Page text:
“Email marketing is a very small part of the media budget, and, in truth, a bit of a luxury when it comes to media spend,” one source said. “Companies like Raedium are also not in a position to dictate terms. Terms are dictated to them so if a client wants to cancel a booking, they cancel a booking.”

While liquidators will, as a matter of course, investigate whether Raedium may have traded while insolvent, company directors across Australia battling the impacts of COVID were given a degree of protection last year through the Coronavirus Economic Response Package Omnibus Bill.

A section in the bill inserted into the 2001 Corporations Act granted temporary relief for financially distressed businesses.

“From a corporate view, the temporary amendments provide relief for directors from potential personal liability for insolvent trading in certain circumstances,” ASIC said.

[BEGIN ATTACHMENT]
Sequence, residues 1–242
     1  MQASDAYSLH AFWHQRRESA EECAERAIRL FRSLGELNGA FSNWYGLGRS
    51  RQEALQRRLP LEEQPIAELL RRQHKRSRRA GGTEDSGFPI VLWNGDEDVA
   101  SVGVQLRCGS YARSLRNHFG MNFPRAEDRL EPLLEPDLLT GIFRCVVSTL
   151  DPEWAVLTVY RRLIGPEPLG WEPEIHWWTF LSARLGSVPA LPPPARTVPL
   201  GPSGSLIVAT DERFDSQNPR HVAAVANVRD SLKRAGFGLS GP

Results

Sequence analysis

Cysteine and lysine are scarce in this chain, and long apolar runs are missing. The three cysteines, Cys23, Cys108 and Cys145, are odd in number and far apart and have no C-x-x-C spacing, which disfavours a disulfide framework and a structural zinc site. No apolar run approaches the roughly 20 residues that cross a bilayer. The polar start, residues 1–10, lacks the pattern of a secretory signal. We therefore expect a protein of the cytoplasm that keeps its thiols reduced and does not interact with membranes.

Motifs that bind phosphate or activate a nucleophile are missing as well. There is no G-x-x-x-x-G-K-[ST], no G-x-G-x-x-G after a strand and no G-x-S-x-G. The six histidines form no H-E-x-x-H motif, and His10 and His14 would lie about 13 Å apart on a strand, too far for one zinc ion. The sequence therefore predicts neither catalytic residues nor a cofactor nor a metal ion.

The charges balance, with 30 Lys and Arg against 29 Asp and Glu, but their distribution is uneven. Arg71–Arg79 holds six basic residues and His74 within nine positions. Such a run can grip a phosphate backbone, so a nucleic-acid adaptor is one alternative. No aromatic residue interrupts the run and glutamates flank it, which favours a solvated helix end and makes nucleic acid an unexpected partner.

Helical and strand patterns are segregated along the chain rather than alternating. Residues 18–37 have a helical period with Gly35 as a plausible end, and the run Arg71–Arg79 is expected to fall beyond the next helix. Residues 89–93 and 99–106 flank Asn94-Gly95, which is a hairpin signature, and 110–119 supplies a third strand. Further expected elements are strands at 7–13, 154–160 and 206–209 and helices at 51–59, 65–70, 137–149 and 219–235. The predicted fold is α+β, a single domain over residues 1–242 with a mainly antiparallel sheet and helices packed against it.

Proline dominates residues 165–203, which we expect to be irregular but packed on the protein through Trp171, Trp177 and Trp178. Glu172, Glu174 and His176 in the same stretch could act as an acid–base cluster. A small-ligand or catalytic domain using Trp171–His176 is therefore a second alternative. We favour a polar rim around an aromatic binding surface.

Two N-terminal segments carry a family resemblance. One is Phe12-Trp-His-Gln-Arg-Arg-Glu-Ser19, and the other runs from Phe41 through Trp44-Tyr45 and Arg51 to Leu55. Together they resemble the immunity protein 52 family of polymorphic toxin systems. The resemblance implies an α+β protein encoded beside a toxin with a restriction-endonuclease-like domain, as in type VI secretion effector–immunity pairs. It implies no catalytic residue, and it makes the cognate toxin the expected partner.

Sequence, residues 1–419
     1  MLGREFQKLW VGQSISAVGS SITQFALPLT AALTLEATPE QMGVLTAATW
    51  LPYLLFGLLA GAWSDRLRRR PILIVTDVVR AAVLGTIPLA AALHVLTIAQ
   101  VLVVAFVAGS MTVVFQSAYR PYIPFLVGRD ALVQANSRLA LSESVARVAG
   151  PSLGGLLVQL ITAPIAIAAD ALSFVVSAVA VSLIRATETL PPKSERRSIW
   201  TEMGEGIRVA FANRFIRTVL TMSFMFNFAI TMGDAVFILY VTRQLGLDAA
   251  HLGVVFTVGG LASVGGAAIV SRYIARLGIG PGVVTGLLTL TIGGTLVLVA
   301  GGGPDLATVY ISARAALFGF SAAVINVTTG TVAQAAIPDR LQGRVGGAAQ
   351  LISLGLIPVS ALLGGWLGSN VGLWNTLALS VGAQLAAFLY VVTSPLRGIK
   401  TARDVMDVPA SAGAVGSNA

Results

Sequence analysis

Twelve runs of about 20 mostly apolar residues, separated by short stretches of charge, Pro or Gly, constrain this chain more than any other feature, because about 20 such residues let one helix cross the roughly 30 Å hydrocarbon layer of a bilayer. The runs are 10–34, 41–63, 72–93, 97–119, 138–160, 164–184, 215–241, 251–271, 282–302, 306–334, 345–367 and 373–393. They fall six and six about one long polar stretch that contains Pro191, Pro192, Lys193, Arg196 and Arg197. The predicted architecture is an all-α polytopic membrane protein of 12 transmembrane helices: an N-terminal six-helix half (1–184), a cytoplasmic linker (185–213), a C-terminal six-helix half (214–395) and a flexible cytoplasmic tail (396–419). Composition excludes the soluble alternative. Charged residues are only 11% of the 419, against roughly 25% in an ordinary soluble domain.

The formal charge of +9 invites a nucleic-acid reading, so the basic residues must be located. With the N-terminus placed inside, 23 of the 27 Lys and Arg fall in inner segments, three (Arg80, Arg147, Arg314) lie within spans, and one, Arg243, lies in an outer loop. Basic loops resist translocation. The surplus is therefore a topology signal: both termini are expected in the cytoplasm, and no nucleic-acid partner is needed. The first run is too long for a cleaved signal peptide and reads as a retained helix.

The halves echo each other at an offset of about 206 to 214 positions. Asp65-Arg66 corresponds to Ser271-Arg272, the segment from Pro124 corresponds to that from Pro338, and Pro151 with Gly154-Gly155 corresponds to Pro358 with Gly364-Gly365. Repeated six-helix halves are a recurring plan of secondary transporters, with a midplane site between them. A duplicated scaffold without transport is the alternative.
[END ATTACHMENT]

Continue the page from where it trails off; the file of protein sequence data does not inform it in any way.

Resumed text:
The collapse has left several small operators out of pocket and angry that Raedium had racked up so many debts before accepting the game was up.

One creditor said: “Even a week before they went into liquidation Ranil called me and apologised but said he had a good pipeline of work, with some amazing government campaigns. He asked if I would be interested. I said it would be nice but he’d have to clear the balances first. He dangled a carrot, and had we taken it we’d have been in even more debt.”

Other agencies owed cash by Radium include On Deck, OMD Brisbane, cloud technology specialists Killer Cloud, Initiative Perth and Salesforce.

On its LinkedIn profile, Raedium is described as specialising in “meaningful connections between government/brand messages and people who want to hear from them via email”.

It adds: “The 2020 revolution has bought about the evolution of media channels that will stand the test of time and were relied upon in moments of crisis. We are here to share our knowledge and key insights to Government departments and brands on the true power of meaningful connections via Email.”